KT: In terms of investment and trade, Cambodia is seen behind its neighbours in attracting Japanese investors.  What is the reason?


Mikami: Cambodia is a little behind in the region, but I think it has a good potential for more investment. Recently, Cambodia is attracting more Japanese investors and I hope more Japanese investors will come here.

I think Cambodia was a bit late with an opportunity for investors compared with such countries as Thailand because of the civil war in the 1970s and 1980s. In the Mekong region, Japan first cooperated with Thailand intensively and Japanese companies came to invest heavily in Thailand in the 1980s and, more recently, we are increasing our cooperation and investment in Vietnam. In the case of Cambodia, because of the situation of the country, it was difficult for Japan to come until full peace was achieved in the 1990s.

However, Cambodia is gradually becoming an interesting place for Japanese investors as you can see in the AEON investment project. Before making decisions, Japanese companies tend to examine the situation very carefully but when they put in their investment, they will stay for a long time . They do not come just to make quick money. And also many Japanese companies seek value-added production in high-tech and processing sectors. The Cambodian government wants to attract more Japanese investors that will create more high-quality employment.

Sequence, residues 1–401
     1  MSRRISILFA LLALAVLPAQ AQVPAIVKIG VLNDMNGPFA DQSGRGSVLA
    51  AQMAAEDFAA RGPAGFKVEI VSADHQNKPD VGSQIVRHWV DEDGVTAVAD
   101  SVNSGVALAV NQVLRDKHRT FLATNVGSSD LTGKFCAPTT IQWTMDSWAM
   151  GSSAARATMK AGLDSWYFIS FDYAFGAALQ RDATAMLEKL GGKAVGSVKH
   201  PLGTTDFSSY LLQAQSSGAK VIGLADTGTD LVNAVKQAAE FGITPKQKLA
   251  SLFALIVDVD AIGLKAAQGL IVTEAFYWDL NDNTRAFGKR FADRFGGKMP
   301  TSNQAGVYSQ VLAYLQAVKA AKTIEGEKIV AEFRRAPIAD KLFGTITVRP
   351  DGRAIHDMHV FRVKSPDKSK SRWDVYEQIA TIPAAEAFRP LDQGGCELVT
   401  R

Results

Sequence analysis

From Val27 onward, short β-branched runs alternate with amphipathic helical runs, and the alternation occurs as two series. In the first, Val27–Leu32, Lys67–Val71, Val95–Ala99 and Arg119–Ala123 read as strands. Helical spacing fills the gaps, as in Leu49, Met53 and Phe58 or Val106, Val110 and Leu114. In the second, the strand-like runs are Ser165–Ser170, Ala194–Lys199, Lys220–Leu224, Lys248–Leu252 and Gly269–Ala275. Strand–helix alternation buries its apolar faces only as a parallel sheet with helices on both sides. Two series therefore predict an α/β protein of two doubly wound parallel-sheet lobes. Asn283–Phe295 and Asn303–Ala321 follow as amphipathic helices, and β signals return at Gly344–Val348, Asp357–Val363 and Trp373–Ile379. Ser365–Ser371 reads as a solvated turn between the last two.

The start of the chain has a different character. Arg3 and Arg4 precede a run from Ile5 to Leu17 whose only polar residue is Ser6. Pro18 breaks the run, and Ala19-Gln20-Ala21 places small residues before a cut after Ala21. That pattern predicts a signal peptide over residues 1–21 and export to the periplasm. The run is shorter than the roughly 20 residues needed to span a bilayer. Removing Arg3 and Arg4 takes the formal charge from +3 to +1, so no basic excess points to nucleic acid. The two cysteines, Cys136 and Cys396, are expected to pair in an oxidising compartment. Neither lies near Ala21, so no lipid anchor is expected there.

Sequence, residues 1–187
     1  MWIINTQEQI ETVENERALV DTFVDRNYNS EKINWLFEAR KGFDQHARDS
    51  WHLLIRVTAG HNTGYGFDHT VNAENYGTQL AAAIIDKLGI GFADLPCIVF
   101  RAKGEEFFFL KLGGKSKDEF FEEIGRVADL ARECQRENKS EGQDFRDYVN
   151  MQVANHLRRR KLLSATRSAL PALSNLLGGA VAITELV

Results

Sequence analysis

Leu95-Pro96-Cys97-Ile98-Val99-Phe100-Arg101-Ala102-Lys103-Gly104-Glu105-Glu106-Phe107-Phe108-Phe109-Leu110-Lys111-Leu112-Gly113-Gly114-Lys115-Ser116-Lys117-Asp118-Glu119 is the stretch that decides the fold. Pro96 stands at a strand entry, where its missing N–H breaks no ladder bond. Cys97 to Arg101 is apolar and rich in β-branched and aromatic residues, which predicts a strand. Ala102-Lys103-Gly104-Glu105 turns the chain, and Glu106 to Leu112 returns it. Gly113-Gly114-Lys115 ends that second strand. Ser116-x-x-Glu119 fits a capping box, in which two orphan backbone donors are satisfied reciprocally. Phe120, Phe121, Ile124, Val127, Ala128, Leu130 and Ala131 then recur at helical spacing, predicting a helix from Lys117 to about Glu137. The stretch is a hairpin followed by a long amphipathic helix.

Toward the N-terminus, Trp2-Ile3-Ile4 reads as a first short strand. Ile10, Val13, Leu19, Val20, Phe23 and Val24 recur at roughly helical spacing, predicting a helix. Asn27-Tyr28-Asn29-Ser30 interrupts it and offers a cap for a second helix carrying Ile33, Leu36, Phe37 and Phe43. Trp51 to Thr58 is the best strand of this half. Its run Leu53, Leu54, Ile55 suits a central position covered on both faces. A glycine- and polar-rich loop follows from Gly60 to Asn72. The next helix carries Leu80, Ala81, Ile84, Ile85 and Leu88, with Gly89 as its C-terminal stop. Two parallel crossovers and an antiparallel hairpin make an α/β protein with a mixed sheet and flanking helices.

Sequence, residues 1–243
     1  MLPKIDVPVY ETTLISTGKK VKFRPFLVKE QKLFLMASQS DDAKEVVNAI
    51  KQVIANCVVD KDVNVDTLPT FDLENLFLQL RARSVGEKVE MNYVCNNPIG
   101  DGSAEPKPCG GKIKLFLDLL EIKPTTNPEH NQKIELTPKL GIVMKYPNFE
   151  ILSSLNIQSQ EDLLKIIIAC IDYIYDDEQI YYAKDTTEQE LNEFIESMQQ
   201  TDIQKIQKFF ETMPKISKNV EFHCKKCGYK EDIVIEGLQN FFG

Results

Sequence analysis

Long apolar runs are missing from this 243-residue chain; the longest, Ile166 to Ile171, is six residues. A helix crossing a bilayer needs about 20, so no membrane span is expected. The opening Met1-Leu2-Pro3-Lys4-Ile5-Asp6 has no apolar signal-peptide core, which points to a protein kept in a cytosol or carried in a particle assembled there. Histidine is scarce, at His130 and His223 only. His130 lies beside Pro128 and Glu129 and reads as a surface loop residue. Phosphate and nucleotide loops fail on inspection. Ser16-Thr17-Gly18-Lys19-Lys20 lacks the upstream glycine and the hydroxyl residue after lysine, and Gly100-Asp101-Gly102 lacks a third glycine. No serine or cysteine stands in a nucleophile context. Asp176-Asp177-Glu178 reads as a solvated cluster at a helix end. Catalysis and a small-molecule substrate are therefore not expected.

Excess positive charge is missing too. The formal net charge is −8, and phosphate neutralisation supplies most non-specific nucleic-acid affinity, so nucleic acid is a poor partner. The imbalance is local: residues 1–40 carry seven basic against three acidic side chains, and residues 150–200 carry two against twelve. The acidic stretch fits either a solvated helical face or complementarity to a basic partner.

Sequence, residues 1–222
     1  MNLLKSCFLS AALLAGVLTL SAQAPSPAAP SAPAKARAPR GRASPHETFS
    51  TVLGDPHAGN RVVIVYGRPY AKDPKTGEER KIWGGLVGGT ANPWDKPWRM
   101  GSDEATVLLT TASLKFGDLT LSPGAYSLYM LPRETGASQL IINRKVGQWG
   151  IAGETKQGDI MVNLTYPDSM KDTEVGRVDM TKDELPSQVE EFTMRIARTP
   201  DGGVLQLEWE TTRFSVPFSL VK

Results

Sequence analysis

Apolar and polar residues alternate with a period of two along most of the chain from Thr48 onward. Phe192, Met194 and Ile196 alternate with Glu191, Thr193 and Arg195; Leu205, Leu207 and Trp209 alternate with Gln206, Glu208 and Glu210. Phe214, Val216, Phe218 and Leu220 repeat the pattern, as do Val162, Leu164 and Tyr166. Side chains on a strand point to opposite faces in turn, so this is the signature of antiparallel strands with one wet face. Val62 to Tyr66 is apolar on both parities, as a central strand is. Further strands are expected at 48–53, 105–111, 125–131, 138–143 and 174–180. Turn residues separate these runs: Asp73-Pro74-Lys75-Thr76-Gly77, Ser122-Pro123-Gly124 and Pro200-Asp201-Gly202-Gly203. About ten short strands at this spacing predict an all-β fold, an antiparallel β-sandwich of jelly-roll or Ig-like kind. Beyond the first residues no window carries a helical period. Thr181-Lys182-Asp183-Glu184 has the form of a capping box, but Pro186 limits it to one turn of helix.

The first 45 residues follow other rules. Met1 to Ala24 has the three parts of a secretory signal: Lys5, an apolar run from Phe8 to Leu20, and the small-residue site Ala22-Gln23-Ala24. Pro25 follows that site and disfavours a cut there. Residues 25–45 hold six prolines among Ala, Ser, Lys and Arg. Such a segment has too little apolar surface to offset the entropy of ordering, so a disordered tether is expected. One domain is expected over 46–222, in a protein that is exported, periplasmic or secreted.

We also see the country’s potential in the agriculture sector that is not being used fully because Cambodia does not have much processing industry and mostly exports raw materials at low prices.


KT: what else should the Cambodia government do to attract more investors, especially from Japan?


Mikami: On September 3, I co-chaired the 20th session of the Cambodia-Japan Public-Private Meeting with H.E. Sok Chenda, the minister attached to the prime minister and secretary-general of the Council for the Development of Cambodia. During the meeting, the Japanese Business Association of Cambodia (JBAC), which has about 270 member companies, raised issues that they need the government to deal with, such as cross-border logistics in Bavet and Poipet/Stung Bot, electricity tariffs and taxation systems.